Schumpeter’s theory of capitalism has evident affinities on one side with Marx’s ideas (and with some later Marxist views, notably those of the Austro-Marxists) and on the other side with those of Max Weber. Its distinctive feature, however, is Schumpeter’s emphasis upon the role of the entrepreneur as the principal agent of capitalist development. In The Theory of Economic Development (1911, revised edition 1926) he conceives development or change as resulting from ‘new combinations’ of materials and forces in the sphere of production, a process which has three aspects. First, these new combinations ‘are, as a rule, embodied…. in new firms which generally do not arise out of the old ones but start producing beside them’, and he gives as an example that ‘in general it is not the owner of stage coaches who builds railways’. (p. 66). Second, ‘command over means of production is necessary to the carrying out of new combinations’, and this is achieved above all by the use of credit, which Schumpeter sees as ‘the characteristic method of the capitalist type of society…. for forcing the economic system into new channels’. (pp. 68-9). The third element is ‘the fundamental phenomenon of economic development’, namely, the entrepreneur or ‘captain of industry’. Schumpeter summarizes his conception in the following terms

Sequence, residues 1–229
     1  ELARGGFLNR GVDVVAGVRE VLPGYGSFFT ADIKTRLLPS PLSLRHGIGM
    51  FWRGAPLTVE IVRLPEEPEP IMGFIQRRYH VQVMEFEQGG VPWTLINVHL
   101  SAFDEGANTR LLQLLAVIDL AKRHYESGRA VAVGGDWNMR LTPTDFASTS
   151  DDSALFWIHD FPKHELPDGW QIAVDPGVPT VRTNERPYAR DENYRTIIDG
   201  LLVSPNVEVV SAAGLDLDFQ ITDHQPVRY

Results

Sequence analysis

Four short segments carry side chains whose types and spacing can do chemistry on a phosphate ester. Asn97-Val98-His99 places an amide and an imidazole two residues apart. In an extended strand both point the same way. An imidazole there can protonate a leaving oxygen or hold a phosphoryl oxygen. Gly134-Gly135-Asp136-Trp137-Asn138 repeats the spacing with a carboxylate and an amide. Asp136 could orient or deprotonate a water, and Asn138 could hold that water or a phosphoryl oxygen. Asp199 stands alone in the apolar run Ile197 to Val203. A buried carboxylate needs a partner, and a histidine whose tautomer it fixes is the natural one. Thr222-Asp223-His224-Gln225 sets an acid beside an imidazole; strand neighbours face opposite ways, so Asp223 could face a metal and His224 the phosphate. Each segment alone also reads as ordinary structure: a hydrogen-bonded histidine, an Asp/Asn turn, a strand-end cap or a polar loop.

He then goes on to give a comprehensive description of the characteristic features of this ‘special type’ of individual, the captain of industry or business leader (pp. 83-94).1 In a later work, Business Cycles (1939), Schumpeter summarized his view of capitalism as follows: ‘Capitalism is that form of private property economy in which innovations are carried out by means of borrowed money, which in general, though not by logical necessity, implies credit creation’ (Vol. 1, p. 223); and the individuals who carry out these innovations ‘we call entrepreneurs’.